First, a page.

No heavenly blessings acquired without appropriate repentance
There can be no heavenly blessings acquired without appropriate repentance and restitution. This picture of Jacob’s repentance, restitution and the restoration of his relationship with his brother is written very vividly in Genesis 32 and 33.
He first repented before God and sought God’s help and support in the matter, Genesis 32:9-12. Although he did so for fear of his life and the lives of his loved ones and possessions, yet he did so wholeheartedly. And even before he sought God about the matter with serious intercession, vs 24-29, he prepared his generous gift to Esau, which gives us a pretty good indication of the depth of his repentance, vs 13-15.
While on his way to meet Esau, he bows down 7 times as he approached his brother, Genesis 33: 3. This shows heartfelt repentance and a righteous heart attitude, as the Proverb says in 24:16,
16 Although a righteous person may fall seven times, he gets up again.’ And this is exactly what Jacob did, proving himself righteous before both, God and man.
Needless to say, God grants him favour in his brother’s eyes and their relationship is restored once again, vs vs 4! Thus, from a ‘Jacob’ (grabber/deceiver), he turns into an ‘Israel’ (one who has prevailed while wrestling with God and man)! As far as it lies with us, God commands us to be at peace with all men, Romans 12:18. For if we cannot love our brother, sister or neighbour whom we can see, then we will only be deceiving ourselves if we imagine that we love God whom we cannot see, 1John 4:20!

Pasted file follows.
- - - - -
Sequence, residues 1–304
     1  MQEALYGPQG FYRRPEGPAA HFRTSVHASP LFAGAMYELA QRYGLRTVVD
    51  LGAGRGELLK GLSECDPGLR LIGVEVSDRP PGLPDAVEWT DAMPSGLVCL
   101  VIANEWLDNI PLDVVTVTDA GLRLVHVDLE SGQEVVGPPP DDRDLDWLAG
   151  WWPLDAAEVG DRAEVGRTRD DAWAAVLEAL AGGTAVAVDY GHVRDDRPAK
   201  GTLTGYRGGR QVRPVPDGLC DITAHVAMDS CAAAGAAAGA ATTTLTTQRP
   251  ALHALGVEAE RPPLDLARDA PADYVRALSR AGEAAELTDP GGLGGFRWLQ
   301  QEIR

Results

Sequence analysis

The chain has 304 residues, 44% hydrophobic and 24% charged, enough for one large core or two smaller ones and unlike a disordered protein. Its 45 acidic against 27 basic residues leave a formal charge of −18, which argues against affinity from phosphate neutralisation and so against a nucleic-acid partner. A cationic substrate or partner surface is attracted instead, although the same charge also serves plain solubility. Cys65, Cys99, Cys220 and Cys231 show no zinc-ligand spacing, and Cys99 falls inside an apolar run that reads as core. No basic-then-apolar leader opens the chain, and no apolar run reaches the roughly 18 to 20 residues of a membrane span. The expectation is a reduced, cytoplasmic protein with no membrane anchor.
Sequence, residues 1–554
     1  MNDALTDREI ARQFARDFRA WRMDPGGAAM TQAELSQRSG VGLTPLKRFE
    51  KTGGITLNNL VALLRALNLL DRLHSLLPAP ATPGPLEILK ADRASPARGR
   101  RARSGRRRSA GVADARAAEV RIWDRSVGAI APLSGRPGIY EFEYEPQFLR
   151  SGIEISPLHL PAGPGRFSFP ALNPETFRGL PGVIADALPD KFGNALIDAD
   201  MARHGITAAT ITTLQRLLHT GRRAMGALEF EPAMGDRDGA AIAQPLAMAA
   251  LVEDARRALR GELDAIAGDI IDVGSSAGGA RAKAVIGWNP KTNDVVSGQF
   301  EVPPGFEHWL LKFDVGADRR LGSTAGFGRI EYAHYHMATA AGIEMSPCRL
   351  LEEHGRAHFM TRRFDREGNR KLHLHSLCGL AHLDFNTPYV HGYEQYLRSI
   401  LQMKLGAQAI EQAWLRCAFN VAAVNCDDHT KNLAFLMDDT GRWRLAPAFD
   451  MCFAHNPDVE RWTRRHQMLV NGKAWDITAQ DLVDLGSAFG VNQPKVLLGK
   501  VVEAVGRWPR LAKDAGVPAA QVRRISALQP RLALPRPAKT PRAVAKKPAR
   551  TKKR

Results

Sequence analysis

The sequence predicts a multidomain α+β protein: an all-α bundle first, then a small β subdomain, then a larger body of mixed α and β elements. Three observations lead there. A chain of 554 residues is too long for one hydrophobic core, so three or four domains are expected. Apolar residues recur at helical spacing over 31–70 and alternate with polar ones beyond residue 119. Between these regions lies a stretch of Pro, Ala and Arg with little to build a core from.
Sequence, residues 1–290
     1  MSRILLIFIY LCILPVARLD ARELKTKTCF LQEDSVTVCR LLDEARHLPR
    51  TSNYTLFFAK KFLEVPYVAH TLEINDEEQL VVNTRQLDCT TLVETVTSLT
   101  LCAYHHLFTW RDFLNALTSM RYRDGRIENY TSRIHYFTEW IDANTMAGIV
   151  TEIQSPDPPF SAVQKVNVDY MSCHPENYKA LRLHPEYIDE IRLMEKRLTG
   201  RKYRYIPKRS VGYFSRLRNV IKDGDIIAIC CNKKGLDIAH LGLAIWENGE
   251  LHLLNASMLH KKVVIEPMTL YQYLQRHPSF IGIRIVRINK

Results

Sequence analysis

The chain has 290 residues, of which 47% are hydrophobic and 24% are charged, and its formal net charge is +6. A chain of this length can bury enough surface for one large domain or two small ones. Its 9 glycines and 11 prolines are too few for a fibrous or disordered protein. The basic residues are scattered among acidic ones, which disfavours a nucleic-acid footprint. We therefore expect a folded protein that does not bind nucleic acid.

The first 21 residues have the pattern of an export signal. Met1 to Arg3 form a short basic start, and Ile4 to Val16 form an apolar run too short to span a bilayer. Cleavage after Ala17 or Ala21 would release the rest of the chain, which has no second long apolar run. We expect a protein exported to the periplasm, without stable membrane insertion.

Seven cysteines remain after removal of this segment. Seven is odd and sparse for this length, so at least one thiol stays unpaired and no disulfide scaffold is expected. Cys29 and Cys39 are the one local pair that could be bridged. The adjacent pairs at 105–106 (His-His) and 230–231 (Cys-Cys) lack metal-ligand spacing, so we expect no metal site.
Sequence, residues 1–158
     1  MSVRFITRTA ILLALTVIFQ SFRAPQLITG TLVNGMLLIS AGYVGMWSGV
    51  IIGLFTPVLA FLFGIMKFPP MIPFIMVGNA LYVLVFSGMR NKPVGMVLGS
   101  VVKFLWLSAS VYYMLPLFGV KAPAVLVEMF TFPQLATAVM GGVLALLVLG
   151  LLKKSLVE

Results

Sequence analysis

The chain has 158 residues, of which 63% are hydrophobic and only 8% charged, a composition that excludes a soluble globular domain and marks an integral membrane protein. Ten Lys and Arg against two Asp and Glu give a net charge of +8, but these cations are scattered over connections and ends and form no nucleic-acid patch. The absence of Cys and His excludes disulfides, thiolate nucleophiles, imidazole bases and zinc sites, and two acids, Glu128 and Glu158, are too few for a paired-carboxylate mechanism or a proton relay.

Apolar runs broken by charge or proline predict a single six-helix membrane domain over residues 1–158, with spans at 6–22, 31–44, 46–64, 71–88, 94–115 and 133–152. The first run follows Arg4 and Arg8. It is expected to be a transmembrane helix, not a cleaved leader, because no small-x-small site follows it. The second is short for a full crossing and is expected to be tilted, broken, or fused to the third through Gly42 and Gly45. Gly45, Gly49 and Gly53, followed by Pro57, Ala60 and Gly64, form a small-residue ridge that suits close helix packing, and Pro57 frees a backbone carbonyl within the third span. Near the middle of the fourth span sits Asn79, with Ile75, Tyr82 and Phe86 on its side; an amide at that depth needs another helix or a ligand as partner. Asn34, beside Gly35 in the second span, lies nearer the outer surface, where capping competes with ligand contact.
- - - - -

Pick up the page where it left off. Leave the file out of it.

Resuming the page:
God requires us to be 100% honest in this area, if we are to be the Israel of God! A complacent attitude in choosing a place of stay, after settling matters with Esau, found Jacob’s daughter being raped by Shechem, son of Hamor the Hivite, Genesis 33:2; and this resulted in his sons Simeon and Levi dealing deceitfully and murderously with Shechem and his entire city as a result, vs 25-29. It was only after he obeyed God’s instruction to go on to Bethel, on repenting of their idolatry, impurity and pride, that God put His fear of them throughout the surrounding cities and they did not pursue Jacob and his sons anymore, Genesis 35:1-5.
Although Jacob lost his wife Rachel during the birth of their son Benjamin, vs 17-20, as per his curse in Genesis: 31:32,34, God enabled him to reach his father’s home safely and spend many more years together with him, before Issac died, vs 27-29. It must be noted, sad to say, thathis mother was not mentioned here at all, and it seems as if she was not alive when her son came back home after all those years! What a sad end to the relationship they had shared previously.
The whole chapter of Genesis 36 tells us about the descendants of Esau. Although, he despised his birthright, kings and chiefs were among his descendants, vs 29-31, which is meaningless, to say the least! Further, many of his descendants were the chief enemies of Israel in later years to come, vs 2,12,20. Esau signifies ‘Edom’, which is s picture of the flesh, and it is not possible for the land to sustain an Israel and an Edom, vs 6-8! Similarly, we too cannot allow the flesh to rule and reign over us if we are to be the ‘Israel’ of God!
So settling relationships, in all honesty and humility, is God’s way of doing things and requires us to have no partnership with our fleshly desires whatsoever! This is the secret of becoming an ‘Israel’ of God!